According to the American Society For Reproductive Medicine, infertility affects 6.1 million American women and their partners, which is about 10 percent of the reproductive age population. While many of these couples are able to become pregnant through medication, microsurgery, and assisted reproductive technologies (ART), such as in vitro fertilization some need to pursue other avenues like adoption or surrogacy. Meredith Olafson has helped many couples become parents, giving birth to 15 babies in her lifetime, 11 that were not hers.
Meredith has carried children for six very lucky families – two sets of triplets, one set of twins and three singletons. She makes very little money from her surrogacies, despite the fact that most surrogates make as much as $250,000 per pregnancy.
So why does she do it? Well, part of it might have something to do with how easy pregnancy is for Meredith. The North Dakota resident has never had morning sickness. She gains very little weight during her pregnancies. She usually works, right up until the day of delivery. And her labors are rather short when compared to most women.
“My longest was my oldest daughter. She took me an hour and 15 minutes to deliver,” said Meredith. “My second daughter took me 30 minutes and the last two took me 20 minutes.”
But what really makes it all worth it, according to Meredith, is giving the gift of parenthood. She says that being a mother herself, she can’t imagine letting others go on deprived of the experience. So, when couples approached her, asking her to be a surrogate, she just couldn’t say no.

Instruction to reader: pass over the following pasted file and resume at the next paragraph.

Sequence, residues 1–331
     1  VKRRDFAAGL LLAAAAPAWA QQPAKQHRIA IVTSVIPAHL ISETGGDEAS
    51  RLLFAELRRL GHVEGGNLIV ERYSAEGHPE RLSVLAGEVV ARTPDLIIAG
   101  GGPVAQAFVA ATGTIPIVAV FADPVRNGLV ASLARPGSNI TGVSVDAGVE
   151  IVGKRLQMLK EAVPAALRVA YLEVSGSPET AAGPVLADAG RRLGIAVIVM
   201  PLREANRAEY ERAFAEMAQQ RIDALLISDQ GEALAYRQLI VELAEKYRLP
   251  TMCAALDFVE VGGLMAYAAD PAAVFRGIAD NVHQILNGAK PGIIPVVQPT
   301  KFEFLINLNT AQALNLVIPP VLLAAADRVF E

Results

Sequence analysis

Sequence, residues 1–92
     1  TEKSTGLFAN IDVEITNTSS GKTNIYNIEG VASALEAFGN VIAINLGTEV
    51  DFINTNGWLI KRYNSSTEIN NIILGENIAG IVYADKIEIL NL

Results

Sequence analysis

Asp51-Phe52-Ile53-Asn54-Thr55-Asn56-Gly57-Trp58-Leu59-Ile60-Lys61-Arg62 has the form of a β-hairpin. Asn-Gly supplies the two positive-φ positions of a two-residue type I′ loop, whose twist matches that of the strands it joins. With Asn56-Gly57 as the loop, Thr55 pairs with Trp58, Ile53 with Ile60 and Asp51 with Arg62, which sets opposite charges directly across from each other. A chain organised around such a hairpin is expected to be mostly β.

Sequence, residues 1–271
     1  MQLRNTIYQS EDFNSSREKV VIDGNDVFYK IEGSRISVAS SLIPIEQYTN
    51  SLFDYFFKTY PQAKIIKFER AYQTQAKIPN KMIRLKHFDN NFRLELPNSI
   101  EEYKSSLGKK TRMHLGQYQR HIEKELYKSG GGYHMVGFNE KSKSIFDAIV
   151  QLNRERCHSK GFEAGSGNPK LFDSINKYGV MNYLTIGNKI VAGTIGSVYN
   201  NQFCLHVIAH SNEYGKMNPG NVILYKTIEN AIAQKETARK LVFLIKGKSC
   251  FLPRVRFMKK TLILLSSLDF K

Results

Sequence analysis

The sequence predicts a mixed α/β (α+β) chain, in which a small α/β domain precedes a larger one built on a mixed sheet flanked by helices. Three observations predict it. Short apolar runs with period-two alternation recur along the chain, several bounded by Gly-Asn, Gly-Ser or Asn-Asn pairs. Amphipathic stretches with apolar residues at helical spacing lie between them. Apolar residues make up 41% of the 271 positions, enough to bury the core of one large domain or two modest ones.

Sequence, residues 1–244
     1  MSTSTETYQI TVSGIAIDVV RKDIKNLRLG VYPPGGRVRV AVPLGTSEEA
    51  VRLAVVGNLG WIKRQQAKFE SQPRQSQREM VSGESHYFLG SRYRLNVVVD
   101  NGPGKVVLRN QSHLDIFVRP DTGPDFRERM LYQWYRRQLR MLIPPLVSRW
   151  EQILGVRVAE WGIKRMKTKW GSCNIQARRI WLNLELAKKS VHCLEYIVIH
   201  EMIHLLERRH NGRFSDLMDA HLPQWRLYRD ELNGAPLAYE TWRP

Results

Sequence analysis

But how does she manage to let each and every one of those surrogate babies go? If you’ve ever been a mother, you know that the bonding experience happens long before the baby is born. Yet, Meredith almost seems to have being a surrogate down to a science. She knows that she only supplies the womb, a place for the baby to grow. Every ounce of the baby’s DNA comes from the parents.
“Those parents are the actual mother and father and so the mindset for you at that time is you know you’re handing them their child,” said Meredith. “It has nothing to do with you whatsoever. It makes it a lot easier.”
And to those that she has been a surrogate for, Meredith is nothing short of an angel.
Jody Wegge and her husband, Dan, wanted a second child, but after their first child, Jody was informed that it would be unsafe for her to give birth again. They had heard about Meredith through word of mouth back in 1998. Once they found her, Meredith did, in fact agree to provide the womb needed to carry their children. Now, the Wegge family has 12-year-old triplets, thanks to Meredith and her uterus.
“I love her,” said Jody Wegge. “I just…there’s no words to express how I feel about her.”
But it seems that the uterus is being retired. Meredith just gave birth on March 29th to a healthy baby girl – her last surrogate baby. It was her sixth pregnancy for another couple and the 15th child she carried inside that uterus.
“I am officially retiring the uterus,” said Meredith.
TODAY plans to check back with Meredith and find out if she changes her mind. Whether she officially retires or not, she has made a lot of parents happy and her acts of love are nothing short of beautiful.
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